Andalusia: A Natural Area
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Spain clearly leads the rankings for biodiversity in Europe, in terms of flora, fauna and protected areas, the result of its bioclimatic diversity and its rural traditions that work with the natural environment. For its part, Andalusia boasts the most extensive area of protected territory amongst all the autonomous regions of Spain.

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As a result of the natural evolution of the region and the way in which its human populations, both past and present, make and have made use of the resources of this land, Andalusia is home to a wide variety of ecosystems, of which the Sierras de Cazorla, Segura y Las Villas Natural Park is a magnificent example.

Andalusia's great biological and geological diversity and its array of different landscapes have led it to be considered one of the richest and best-preserved regions in Europe. It is home to the Iberian lynx (the breeding site is located in the north of the province of Jaen), the imperial eagle and the last surviving wolf populations in southern Spain, also boasting extensive meadowlands and forests of ilex, cork oak and Spanish fir, the extraordinary concentration of endemic plant species in the south-eastern mountains and now the bearded vulture. Only in Andalusia can you find places as remarkable as DoƱana, Grazalema, Sierra Nevada, Cabo de Gata-Nƭjar and the Cazorla, Segura and Las Villas mountain ranges, amongst many other locations.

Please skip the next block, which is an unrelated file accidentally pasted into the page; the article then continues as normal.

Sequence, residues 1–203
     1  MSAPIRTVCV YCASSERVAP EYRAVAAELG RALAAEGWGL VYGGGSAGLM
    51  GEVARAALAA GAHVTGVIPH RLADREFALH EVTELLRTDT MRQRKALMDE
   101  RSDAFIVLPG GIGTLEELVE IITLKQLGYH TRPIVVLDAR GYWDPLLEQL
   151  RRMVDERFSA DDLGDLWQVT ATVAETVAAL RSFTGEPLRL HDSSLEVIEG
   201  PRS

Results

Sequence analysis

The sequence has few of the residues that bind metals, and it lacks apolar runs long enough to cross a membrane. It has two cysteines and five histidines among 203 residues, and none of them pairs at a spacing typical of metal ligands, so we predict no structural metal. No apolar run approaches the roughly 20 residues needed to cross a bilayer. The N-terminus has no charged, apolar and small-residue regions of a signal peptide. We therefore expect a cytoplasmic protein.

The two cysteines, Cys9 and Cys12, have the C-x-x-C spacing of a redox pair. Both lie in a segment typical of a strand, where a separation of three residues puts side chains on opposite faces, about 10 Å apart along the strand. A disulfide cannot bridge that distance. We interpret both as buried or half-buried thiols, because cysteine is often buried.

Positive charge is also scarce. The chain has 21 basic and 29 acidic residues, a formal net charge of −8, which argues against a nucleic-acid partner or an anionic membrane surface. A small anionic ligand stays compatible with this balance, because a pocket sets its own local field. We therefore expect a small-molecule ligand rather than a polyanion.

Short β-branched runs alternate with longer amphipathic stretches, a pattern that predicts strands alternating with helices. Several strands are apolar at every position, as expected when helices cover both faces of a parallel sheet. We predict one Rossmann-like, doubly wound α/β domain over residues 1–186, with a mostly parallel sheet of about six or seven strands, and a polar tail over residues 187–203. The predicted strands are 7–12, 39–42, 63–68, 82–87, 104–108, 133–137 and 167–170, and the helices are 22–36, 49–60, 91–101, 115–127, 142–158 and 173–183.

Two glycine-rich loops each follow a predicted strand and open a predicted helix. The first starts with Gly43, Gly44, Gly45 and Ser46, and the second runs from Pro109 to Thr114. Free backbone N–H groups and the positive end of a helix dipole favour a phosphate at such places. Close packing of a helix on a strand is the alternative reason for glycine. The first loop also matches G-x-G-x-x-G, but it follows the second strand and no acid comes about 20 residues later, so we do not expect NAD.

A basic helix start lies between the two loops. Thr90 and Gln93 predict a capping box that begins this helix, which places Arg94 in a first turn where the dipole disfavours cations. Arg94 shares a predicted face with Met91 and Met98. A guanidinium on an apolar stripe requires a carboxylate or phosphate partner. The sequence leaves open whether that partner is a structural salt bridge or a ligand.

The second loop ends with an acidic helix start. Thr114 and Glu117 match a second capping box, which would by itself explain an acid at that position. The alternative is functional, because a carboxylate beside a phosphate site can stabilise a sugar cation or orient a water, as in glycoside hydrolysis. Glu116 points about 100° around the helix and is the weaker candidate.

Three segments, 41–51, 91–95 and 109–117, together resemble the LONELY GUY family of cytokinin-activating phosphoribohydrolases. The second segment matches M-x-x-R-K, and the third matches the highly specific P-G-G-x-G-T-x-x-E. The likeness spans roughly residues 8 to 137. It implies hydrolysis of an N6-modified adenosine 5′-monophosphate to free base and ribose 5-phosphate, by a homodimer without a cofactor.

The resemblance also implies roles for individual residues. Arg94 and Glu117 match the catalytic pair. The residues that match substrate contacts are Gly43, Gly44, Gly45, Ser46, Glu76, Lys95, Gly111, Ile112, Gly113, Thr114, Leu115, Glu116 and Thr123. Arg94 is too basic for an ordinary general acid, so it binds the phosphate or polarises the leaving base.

At present, Andalusia boasts 156 Protected Natural Areas that together cover no less than 1.8 million hectares, accounting for over 20% of Andalusia's total land area and approximately 30% of the total surface area of protected areas in Spain: 154 areas including national parks, natural parks, semi-urban parks, natural beauty spots, protected landscapes, natural monuments and various types of nature reserve.


JaƩn, the Spanish province with the large surface area of protected space.

If Andalusia is rich in natural features and landscapes, the province of Jaen is the jewel in the crown, boasting the largest surface area of protected natural spaces (304,175 hectares) in Spain, wherein attention should be drawn to its four natural parks: DespeƱaperros, Sierra de AndĆŗjar, Sierra MĆ”gina and Sierras de Cazorla, Segura y Las Villas.

Jaen is a land of contrasts: its craggy mountain ranges covered in wild vegetation and its rolling countryside and meadowlands, for the most part given over to olive cultivation, afford the province a markedly diverse landscape. The confluence of Jaen's varied environmental features makes its biodiversity one of the most important, not only in Spain, but in Europe as a whole.

 

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